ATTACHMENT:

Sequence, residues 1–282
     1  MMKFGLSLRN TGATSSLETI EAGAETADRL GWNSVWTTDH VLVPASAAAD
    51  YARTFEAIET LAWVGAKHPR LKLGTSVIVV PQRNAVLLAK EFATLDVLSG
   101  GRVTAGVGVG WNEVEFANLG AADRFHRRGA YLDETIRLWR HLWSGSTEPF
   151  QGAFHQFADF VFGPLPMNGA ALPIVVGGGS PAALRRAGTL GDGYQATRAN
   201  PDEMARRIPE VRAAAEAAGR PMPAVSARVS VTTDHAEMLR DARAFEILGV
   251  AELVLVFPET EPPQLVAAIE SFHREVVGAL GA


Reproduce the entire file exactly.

Sequence, residues 1–282
     1  MMKFGLSLRN TGATSSLETI EAGAETADRL GWNSVWTTDH VLVPASAAAD
    51  YARTFEAIET LAWVGAKHPR LKLGTSVIVV PQRNAVLLAK EFATLDVLSG
   101  GRVTAGVGVG WNEVEFANLG AADRFHRRGA YLDETIRLWR HLWSGSTEPF
   151  QGAFHQFADF VFGPLPMNGA ALPIVVGGGS PAALRRAGTL GDGYQATRAN
   201  PDEMARRIPE VRAAAEAAGR PMPAVSARVS VTTDHAEMLR DARAFEILGV
   251  AELVLVFPET EPPQLVAAIE SFHREVVGAL GA